Fidelity Stocks for Inflation ETF (BATS:FCPI) is an exchange-traded fund (“ETF”) that invests in large and mid-capitalization U.S. stocks that have a propensity to outperform in inflationary environments as per the asset manager’s views. The vehicle aims to provide investment returns which generally correspond to the performance of the Fidelity Stocks for Inflation Factor Index. As per the Index literature:
The Fidelity Stocks for Inflation Factor Index is designed to reflect the performance of stocks of large- and mid-capitalization U.S. companies with attractive valuations, high quality profiles and positive momentum signals. The index overweights those sectors/industries that tend to outperform in inflationary environments.
The fund’s name is a nice little play on The Consumer Price Index (“CPI”) and Fidelity’s name (“F”). But that is where the fun ends. With record inflation in 2022 and true inflationary plays outperforming this year (such as Energy), FCPI is left in the dust with a negative -6% performance in 2022.
What gives? Well, the fund’s composition is not reflective of sectors which historically have outperformed in inflationary environments. Let us have a look. Currently the fund’s portfolio sectoral slicing is as per the below table:
We can surprisingly see Tech as a top sector here, when Tech is bearing the brunt of a lower valuation re-set due to an inflationary environment. But do not take our word for it, let us see what Allianz’s research indicates are the best industries during inflationary periods:
We can see from the above graph that the best sectors to own during an inflationary environment are Energy stocks followed by Consumer Discretionary and Materials. The top sectors in the FCPI fund all fall in what NOT to own during times like 2022. In effect, FCPI has a bastardized S&P 500 portfolio rather than anything else:
If we look at the above composition for the S&P 500 we can see that, with the exception of Financials, the top sectors are fairly similar to FCPI.
We are the first to admit 2022 has been a rough year for securities, but when you name your fund “Stocks for Inflation” and post deep negative results in a record year for CPI, something is not quite right. We would have expected a larger allocation to Energy and Commodities here, which would have boosted significantly the fund’s performance. As a reminder, Energy Select Sector SPDR ETF (XLE) is up almost 50% year-to-date while the Invesco DB Commodity Index Tracking Fund (DBC) is up over 27%.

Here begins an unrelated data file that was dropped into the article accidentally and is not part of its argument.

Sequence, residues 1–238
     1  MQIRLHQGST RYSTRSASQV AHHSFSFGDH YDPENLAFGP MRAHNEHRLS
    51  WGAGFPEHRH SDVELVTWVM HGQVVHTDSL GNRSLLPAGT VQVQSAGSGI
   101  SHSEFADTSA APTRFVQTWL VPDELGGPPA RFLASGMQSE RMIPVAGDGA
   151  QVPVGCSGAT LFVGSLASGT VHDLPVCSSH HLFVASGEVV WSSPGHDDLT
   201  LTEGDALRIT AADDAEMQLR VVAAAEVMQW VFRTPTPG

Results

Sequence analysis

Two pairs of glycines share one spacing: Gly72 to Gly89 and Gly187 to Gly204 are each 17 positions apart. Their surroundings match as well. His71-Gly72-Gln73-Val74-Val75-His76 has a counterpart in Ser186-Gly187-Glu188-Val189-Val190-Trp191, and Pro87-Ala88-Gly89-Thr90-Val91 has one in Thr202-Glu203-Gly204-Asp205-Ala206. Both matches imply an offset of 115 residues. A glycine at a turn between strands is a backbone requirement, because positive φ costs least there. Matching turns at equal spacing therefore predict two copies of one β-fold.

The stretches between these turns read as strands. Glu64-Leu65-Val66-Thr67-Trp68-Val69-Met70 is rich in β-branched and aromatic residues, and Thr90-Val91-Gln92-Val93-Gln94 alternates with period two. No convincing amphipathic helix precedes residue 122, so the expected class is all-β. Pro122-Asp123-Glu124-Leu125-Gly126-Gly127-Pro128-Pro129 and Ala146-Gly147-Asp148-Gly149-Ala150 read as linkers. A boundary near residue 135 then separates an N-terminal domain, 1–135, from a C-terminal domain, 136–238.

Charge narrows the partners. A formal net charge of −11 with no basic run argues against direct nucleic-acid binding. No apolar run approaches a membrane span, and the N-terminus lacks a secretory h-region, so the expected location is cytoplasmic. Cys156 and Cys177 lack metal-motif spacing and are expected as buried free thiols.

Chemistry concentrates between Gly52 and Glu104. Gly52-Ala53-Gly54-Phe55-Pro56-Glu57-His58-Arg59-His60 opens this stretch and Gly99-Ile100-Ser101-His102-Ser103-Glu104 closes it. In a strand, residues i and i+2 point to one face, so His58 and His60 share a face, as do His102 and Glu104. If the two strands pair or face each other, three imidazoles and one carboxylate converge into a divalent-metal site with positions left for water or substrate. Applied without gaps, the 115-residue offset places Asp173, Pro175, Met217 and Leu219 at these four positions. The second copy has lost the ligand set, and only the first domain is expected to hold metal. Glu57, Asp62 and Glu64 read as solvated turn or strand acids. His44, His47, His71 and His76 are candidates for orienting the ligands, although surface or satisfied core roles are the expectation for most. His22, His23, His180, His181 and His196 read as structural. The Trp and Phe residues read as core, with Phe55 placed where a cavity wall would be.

We tend to like funds which provide for uniform risk factors because they are much more readily quantifiable. The market now contains many vehicles with bombastic names but very little in terms of substance. We have covered some of them here and here. FCPI falls in the “name trap” category for us – at the first glance it would seem FCPI is a great investment for a retail investor expecting inflation to surge. If one digs into the details they will find out FCPI, in fact, is not correctly set-up to take advantage of higher inflation / CPI figures. Its performance has proven its poor set-up as well, with the fund being down -6% in 2022. To us, FCPI is just a bastardized version of the S&P 500 in terms of sectoral allocation. There are better standard index allocation alternatives out there. An investor looking for gains on the back of higher inflation should look elsewhere.
For a fund aimed at fighting the gravity of inflation, FCPI surprisingly has a very high allocation to Technology:
We can see that IT composes over 20% of the fund, closely followed by Health Care and Consumer staples. The top 3 industries account for more than 50% of the fund holdings. The top names in the portfolio are:
We can see the top fund holdings are a mix of technology, healthcare and energy companies.
FCPI is down over -6% year to date on a total return basis:
On a 1-year lookback period the fund is now just marginally higher:
A 3-year graph shows a positive performance for FCPI but the fund underperforms the S&P 500:
Fidelity Stocks for Inflation ETF is an exchange-traded fund that invests in large and mid-capitalization U.S. stocks that are supposed to outperform in inflationary environments. However, the ETF’s holdings are not reflective of sectoral allocations consistent with Allianz’s inflation correlation analysis and in effect represent a bastardized S&P 500 sectoral split. FCPI’s performance is reflective of that poor composition, being down -6% year to date. As a reminder, Energy (XLE) is up almost 50% year to date while the Invesco DB Commodity Index Tracking Fund (DBC) is up over 27%. FCPI falls in the “name trap” category for us. An investor looking for gains on the back of higher inflation should look elsewhere.
Image and article originally from seekingalpha.com. Read the original article here.